The F.D.A. has warned Avonex's maker, Biogen, not to make such statements because they are not supported by scientific evidence.
Viewers are also told that the Avonex video was paid for by MS Active Source. They are not told that MS Active Source is a Web site created by Biogen to help market Avonex. They are also not told that Dr. Miller has been paid by Biogen in the past for other work or that he was paid by Healthology for the Avonex video.
Mary A. Malarkey, director of the case management division at the F.D.A.'s Center for Biologics Evaluation and Research, said that if drug companies pay for the videos, they could be considered to be advertising. "We would be interested in taking a look," she said.
Timothy D. Hunt, a spokesman for Biogen, said that Healthology had independent control of the video's content.
Dr. Marks, who appears frequently on WNBC, said that he did not know that Biogen had paid for the video. He said he had done his own research on the medicines and asked his own questions.
"I was never told what to say or what questions to ask," he said.
Liz Fischer, a spokeswoman for WNBC, said the station questioned the way Healthology packaged its Webcasts but did not question their content.
Dr. Miller said that Healthology executives had asked him to talk about antibodies but had not told him specifically what to say.
Dr. Steven Haimowitz, the president of Healthology, said that drug companies did not write or edit the videos' script. The drug makers pay for the videos and suggest the topics, he said, but Healthology's medical experts take over from there.
"All the Webcasts are fair and balanced," he said. "They are editorial in nature."
Dr. Haimowitz, who worked as an executive at a Madison Avenue ad agency before creating Healthology, said that the drug makers also do not suggest which doctors should be hired to appear in the videos. He said that in some medical specialities, like multiple sclerosis, almost all doctors do some kind of consulting work for the pharmaceutical companies.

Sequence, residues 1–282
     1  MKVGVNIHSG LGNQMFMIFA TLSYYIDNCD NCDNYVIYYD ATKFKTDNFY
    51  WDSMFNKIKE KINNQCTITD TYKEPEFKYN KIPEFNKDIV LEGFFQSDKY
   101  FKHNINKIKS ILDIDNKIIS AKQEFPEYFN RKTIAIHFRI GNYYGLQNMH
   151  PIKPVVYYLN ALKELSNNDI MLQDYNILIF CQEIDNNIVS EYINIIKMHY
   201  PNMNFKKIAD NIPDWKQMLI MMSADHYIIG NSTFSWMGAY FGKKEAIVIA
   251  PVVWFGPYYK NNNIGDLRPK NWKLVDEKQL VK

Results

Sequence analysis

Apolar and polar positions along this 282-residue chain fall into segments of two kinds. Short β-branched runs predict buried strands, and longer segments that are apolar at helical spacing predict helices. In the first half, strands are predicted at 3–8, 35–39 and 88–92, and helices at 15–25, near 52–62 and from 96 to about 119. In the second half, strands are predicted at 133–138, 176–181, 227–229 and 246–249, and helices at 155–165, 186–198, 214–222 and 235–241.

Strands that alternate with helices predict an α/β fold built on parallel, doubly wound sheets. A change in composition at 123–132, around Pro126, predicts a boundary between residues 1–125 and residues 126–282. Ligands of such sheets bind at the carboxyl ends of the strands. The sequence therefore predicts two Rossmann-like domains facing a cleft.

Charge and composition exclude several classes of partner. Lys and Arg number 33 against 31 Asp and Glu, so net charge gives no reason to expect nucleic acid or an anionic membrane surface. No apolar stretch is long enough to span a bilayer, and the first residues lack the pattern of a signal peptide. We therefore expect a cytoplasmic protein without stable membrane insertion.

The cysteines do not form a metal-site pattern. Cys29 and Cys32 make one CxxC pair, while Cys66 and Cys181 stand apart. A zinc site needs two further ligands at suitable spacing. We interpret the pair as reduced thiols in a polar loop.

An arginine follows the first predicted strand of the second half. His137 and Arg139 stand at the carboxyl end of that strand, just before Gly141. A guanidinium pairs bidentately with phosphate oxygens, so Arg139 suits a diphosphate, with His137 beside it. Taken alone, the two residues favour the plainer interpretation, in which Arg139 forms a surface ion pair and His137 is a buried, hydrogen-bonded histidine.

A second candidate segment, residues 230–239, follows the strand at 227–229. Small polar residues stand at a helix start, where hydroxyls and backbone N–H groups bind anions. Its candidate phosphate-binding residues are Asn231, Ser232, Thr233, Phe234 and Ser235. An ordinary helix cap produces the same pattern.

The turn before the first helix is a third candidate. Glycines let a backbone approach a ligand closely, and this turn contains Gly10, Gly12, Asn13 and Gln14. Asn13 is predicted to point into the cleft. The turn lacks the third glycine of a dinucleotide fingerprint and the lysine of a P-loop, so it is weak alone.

Healthology promotes itself as an effective marketer of prescription drugs directly to the consumer. As consumers watch the videos, they have several opportunities to press buttons and be transferred to Web sites maintained by the sponsoring drug company, where they may be asked to provide detailed personal information and whether they want to be sent further information about the drug company's product.
Some of the Healthology videos are about how a medicine can be used for a condition that has not yet been approved by the F.D.A. For example, Pharmacia paid for a video about how pain relievers known as cox-2 inhibitors, including its product, Celebrex, could be used to treat lung cancer.
Susan J. Yarin, a spokeswoman for Pfizer, which bought Pharmacia, said
the company had no control over that video's content.
Copyright © 2003, The New York Times Company